One of the web info services I subscribe to is just-drinks.com, a British-based site that covers drinks industry news primarily from a trade perspective. It’s a terrific operation and one occasionally gifted with razor-sharp insight. Like when editor Olly Wehring made the following observation this morning:
The continuing slide in beer sales in the US will not stop until more people are back in work – that has been the message since the turn of the year from industry leaders Anheuser-Busch InBev and MillerCoors.
“Until the economy shows some money in the pocket of our key beer drinkers, we’ve got a challenge,” said MillerCoors CEO Leo Kiely in the group’s full-year results conference call (http://www.just-drinks.com/article.aspx?id=99789) last month.
And yet, small-time craft brewers continue to report figures that are apparently untouched by the general market malaise. According to figures announced last week, sales of craft beer in the country rose by 7% in volume and 10% in value in 2009 (http://www.just-drinks.com/article.aspx?id=100081). That compares pretty favourably to 2% volume sales falls for A-B InBev and MillerCoors over the same period.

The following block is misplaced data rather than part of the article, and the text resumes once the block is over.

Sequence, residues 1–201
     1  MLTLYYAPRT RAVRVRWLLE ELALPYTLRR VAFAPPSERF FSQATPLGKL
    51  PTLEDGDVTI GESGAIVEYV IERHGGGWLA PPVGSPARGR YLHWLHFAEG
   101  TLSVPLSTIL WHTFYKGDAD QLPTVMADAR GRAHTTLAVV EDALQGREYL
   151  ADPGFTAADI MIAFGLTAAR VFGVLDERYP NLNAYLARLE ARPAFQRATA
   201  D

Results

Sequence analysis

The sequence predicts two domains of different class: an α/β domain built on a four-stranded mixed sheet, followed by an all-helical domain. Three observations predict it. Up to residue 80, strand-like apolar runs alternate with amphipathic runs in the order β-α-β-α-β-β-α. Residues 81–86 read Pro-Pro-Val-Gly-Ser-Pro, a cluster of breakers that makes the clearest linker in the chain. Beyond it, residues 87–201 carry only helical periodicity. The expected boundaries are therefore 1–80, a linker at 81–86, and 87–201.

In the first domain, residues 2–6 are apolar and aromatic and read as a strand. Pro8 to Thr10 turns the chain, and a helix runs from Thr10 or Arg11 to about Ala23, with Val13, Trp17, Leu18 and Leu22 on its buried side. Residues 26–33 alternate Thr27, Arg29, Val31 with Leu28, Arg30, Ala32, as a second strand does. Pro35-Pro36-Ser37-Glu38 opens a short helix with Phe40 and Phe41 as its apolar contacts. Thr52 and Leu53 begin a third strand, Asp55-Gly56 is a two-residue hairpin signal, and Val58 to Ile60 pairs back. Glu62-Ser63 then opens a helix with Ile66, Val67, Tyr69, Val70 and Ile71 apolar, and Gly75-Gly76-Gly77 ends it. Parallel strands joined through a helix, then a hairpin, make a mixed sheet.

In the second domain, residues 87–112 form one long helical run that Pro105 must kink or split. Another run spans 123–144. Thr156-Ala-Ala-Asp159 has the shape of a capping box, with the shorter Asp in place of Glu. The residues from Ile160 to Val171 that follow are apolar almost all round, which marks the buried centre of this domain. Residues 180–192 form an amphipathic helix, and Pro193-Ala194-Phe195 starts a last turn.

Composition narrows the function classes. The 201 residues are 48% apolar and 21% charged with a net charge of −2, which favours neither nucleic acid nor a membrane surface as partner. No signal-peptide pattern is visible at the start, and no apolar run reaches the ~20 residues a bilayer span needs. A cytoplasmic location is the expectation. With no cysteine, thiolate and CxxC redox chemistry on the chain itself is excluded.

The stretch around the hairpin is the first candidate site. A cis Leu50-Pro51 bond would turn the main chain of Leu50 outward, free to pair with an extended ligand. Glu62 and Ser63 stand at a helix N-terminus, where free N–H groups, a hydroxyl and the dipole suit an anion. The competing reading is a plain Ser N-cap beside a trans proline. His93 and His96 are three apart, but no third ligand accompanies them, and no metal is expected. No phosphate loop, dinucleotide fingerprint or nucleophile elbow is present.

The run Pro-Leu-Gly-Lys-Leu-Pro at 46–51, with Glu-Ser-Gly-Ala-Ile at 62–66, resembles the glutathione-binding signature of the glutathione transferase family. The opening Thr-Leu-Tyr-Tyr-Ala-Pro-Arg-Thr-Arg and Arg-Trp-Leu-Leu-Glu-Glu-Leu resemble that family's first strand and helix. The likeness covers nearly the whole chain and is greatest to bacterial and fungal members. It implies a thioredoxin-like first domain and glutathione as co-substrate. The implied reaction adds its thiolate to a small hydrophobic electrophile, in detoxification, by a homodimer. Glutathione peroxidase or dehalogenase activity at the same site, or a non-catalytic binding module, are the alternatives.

Granted, craft beers are working off a much smaller base and only constitute 4% of US beer market volume. But, looking at the disparity between the sales figures for 2009, is it really only the economy that is holding back the heavyweights?
(Note: You need be a registered member to follow the first link and a full member for the second.)
Indeed, it is worth asking why sales in one segment are falling while in another, albeit small segment, things are positively booming. Could it be, oh, I don’t know, maybe…taste!?!?
2 Replies to “Is the Economy Really to Blame, MillerCoors?”
It’s almost the same trend that can be seen here in CZ, overall drop in consumption, with the macros reflecting that trend, while many regional breweries have recorded substantial growth. And the reaction of the big boys is very similar, blaming the crisis, etc…